The cut-off point for statistical significance was established as p≤0.05. The EFA and CFA analyses were performed using Mplus V.7.0 and both descriptive and regression analyses were performed using Stata SE V.13. The PeNSE data set included weighting factors according to sampling procedures, and this was not incorporated in the factor analysis (EFA, CFA), but in all other analysis.
PeNSE 2012 was approved by the National Commission of Research Ethics (Comissão Nacional de Ética em Pesquisa—Conep, record number 16805). It was performed in accordance with the Declaration of Helsinki and all participants gave their informed consent through self-administered questionnaire (smartphones). Informed consent from the next of kin, caretakers or guardians was not obtained on behalf of the participants because the Brazilian Statute of Children and Adolescents (Law number 8.069; 13 July 1990) provides adolescent's autonomy to takes initiatives, such as answering a questionnaire that offers no risk to your health and which has the clear purpose of supporting health policies for this age group. All this consent procedure was approved by the National Commission for Research Ethics. Its database was made publicly available on the IBGE website with no information which could identify subjects.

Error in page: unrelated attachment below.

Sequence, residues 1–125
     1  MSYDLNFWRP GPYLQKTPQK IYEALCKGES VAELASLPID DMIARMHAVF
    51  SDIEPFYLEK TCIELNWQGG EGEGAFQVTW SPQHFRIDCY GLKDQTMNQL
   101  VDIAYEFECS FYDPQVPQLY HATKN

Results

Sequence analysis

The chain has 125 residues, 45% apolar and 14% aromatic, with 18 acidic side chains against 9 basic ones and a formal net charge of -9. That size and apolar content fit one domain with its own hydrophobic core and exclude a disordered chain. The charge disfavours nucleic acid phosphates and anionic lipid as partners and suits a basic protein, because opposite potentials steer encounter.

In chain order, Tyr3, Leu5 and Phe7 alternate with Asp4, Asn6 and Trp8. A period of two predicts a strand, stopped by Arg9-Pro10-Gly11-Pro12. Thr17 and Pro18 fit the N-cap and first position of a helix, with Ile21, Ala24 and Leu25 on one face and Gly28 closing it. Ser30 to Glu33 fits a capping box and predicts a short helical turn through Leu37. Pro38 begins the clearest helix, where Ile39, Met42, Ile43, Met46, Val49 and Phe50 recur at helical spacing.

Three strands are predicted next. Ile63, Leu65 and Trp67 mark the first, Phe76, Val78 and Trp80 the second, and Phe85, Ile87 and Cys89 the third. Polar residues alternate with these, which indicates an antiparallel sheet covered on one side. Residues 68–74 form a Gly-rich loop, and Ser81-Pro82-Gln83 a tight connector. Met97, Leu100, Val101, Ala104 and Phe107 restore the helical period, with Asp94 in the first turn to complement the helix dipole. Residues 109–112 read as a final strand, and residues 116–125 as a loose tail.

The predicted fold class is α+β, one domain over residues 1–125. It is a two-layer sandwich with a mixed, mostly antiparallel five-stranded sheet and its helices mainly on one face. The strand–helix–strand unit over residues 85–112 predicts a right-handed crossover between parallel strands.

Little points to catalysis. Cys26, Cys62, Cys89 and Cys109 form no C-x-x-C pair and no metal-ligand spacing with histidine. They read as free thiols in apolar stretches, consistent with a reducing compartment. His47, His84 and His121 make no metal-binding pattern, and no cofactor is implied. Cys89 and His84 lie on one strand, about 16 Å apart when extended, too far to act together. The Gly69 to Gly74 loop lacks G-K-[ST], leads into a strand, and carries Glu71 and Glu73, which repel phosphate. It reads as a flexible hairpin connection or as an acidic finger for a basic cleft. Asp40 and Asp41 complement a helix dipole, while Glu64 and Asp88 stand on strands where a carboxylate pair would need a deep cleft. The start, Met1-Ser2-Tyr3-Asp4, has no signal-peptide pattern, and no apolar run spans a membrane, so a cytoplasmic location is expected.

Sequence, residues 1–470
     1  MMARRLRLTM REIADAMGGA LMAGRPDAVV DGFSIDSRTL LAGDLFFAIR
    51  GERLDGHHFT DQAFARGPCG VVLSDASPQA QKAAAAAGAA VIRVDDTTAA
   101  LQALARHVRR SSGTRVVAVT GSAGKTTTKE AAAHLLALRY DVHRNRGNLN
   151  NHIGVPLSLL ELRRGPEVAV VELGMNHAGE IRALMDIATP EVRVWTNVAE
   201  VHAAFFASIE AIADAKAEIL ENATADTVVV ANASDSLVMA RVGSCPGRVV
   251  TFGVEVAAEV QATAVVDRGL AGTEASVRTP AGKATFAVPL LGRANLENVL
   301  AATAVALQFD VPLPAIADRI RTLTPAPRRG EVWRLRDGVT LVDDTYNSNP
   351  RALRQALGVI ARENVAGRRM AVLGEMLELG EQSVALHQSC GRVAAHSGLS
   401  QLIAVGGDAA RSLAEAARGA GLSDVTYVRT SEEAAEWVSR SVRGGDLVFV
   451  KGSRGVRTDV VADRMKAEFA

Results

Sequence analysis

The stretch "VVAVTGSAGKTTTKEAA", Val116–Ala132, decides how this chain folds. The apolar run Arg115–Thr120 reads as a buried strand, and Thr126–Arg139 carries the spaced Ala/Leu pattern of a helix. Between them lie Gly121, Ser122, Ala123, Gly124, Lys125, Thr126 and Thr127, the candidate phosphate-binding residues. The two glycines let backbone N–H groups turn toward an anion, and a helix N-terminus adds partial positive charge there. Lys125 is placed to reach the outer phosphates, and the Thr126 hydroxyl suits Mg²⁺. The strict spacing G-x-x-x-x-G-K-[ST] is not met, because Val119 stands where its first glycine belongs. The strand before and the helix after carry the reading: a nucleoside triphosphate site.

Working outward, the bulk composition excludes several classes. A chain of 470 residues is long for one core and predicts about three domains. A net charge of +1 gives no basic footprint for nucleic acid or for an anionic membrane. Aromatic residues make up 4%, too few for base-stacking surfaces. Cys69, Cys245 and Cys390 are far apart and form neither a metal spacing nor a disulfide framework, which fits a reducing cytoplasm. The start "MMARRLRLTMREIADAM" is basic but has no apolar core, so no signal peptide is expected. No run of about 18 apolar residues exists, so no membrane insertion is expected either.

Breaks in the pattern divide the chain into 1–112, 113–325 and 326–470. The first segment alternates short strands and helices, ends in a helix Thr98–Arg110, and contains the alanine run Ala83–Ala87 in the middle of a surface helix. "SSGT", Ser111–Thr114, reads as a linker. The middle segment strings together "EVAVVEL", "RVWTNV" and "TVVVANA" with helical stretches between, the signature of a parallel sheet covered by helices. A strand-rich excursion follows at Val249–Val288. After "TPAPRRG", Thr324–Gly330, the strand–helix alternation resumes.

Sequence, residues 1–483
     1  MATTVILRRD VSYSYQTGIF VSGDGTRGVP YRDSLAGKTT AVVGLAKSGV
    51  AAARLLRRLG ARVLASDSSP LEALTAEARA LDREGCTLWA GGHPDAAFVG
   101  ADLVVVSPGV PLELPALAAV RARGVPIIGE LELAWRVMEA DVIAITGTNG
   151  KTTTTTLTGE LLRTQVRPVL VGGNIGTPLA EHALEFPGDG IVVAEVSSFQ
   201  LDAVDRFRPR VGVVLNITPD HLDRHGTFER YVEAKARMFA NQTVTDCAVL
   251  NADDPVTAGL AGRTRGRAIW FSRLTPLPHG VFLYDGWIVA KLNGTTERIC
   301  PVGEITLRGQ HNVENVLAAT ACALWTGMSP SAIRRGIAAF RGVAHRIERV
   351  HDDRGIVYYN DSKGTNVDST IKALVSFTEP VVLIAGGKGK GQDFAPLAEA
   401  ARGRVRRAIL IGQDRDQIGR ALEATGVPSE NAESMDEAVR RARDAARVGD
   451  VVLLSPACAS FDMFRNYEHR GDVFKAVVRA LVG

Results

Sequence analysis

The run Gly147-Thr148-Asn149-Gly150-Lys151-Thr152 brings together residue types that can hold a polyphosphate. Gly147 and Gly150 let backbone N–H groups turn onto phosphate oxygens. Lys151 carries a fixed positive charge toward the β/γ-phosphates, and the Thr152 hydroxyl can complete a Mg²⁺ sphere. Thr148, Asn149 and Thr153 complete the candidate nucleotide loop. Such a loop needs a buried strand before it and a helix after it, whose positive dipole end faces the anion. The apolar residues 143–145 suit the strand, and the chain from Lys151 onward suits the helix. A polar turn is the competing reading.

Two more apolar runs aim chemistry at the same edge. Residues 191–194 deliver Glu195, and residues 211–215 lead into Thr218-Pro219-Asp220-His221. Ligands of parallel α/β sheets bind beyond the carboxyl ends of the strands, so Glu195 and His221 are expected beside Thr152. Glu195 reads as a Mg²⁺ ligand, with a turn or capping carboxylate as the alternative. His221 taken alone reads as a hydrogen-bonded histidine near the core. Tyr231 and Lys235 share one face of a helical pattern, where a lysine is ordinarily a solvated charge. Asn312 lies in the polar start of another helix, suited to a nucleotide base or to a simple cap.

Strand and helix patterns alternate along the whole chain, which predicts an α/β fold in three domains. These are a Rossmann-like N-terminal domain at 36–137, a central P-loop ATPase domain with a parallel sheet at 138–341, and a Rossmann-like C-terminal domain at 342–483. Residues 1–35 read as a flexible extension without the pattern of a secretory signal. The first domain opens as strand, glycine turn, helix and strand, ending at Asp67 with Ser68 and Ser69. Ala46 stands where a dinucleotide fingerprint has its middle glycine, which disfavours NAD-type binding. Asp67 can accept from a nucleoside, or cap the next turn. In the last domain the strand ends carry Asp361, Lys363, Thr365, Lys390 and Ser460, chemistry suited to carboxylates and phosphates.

The majority of the students were aged 14–15 years old (63.9%), female (52.2%) and had mothers with low educational level (41.8% incomplete middle school). Most of the students lived in more developed regions (66.8%), and more than 80% of the students attended public schools (table 1).
When analysing the proportion of engagement in health-related behaviours among males and females, it was possible to see some gender differences (see online supplementary appendices 2 and 3). Males presented a higher proportion of all frequencies of involvement in aggressive behaviour when compared to females (see online supplementary table appendix 1). Males were also more involved in unsafe sex (twice as often as females) (see online supplementary table appendix 2).
Supplementary appendix 2
Supplementary appendix 3